Migration connects land use in areas of origin with areas of new residence, impacting both through individual, gendered choices on the use of land, labor, and knowledge. Synthesizing across two case studies in Indonesia, we focus on five aspects: (i) conditions within the community of origin linked to the reason for people to venture elsewhere, temporarily or permanently; (ii) the changes in the receiving community and its environment, generally in rural areas with lower human population density; (iii) the effect of migration on land use and livelihoods in the areas of origin; (iv) the dynamics of migrants returning with different levels of success; and (v) interactions of migrants in all four aspects with government and other stakeholders of development policies. In-depth interviews and focus group discussions in the study areas showed how decisions vary with gender and age, between individuals, households, and groups of households joining after signs of success. Most of the decision making is linked to perceived poverty, natural resource and land competition, and emergencies, such as natural disasters or increased human conflicts. People returning successfully may help to rebuild the village and its agricultural and agroforestry systems and can invest in social capital (mosques, healthcare, schools).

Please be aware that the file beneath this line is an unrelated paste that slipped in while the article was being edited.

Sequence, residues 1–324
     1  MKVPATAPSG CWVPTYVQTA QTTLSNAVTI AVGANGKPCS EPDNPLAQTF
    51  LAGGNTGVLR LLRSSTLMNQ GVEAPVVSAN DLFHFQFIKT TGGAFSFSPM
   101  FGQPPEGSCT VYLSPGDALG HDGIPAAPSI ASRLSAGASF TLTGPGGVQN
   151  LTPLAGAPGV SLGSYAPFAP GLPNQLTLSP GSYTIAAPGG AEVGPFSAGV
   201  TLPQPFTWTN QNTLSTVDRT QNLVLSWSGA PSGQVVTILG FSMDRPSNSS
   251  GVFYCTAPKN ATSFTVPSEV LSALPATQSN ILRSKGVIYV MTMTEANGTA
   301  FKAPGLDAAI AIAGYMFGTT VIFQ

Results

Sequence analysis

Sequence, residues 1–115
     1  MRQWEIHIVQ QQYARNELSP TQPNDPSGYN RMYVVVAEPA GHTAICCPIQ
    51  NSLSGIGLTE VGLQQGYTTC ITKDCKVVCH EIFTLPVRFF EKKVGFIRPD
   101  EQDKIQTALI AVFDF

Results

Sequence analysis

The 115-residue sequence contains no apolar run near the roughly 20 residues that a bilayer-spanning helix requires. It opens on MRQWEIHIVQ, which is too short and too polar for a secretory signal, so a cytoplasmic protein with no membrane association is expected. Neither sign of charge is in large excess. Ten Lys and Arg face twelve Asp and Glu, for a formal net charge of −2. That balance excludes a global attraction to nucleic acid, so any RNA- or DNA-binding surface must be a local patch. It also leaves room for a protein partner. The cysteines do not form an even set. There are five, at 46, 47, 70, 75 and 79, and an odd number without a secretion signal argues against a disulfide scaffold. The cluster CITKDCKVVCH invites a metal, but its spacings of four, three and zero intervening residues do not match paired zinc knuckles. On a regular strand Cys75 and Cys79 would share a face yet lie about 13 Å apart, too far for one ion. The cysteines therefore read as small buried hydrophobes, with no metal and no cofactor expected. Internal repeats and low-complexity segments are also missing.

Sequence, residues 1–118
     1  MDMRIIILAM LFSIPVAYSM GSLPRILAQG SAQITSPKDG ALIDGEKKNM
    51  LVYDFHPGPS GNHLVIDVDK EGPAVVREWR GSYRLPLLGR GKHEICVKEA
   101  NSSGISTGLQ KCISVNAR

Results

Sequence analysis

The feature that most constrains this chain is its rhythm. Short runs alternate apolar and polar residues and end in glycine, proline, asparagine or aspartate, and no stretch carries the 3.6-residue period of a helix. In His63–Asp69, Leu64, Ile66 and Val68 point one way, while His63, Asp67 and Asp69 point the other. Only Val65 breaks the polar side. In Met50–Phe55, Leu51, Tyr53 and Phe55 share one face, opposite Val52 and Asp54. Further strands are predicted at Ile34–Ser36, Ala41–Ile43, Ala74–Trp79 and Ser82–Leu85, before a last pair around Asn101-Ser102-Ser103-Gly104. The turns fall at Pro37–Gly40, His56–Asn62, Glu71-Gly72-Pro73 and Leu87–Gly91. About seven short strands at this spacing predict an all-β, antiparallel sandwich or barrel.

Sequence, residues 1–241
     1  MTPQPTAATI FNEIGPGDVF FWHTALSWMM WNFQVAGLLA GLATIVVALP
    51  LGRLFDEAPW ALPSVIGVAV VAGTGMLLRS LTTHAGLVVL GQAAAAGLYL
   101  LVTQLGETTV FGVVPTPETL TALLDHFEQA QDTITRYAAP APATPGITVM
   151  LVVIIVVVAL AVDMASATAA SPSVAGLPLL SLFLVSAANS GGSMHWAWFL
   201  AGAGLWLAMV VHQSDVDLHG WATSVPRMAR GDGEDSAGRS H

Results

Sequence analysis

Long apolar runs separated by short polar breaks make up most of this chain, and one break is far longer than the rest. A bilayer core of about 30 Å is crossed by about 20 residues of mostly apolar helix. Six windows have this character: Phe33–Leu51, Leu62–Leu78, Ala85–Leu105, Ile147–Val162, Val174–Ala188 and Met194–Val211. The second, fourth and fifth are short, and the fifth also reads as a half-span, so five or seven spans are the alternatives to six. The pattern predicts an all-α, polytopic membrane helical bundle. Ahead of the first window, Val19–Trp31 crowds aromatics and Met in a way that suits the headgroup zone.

- Returning migrants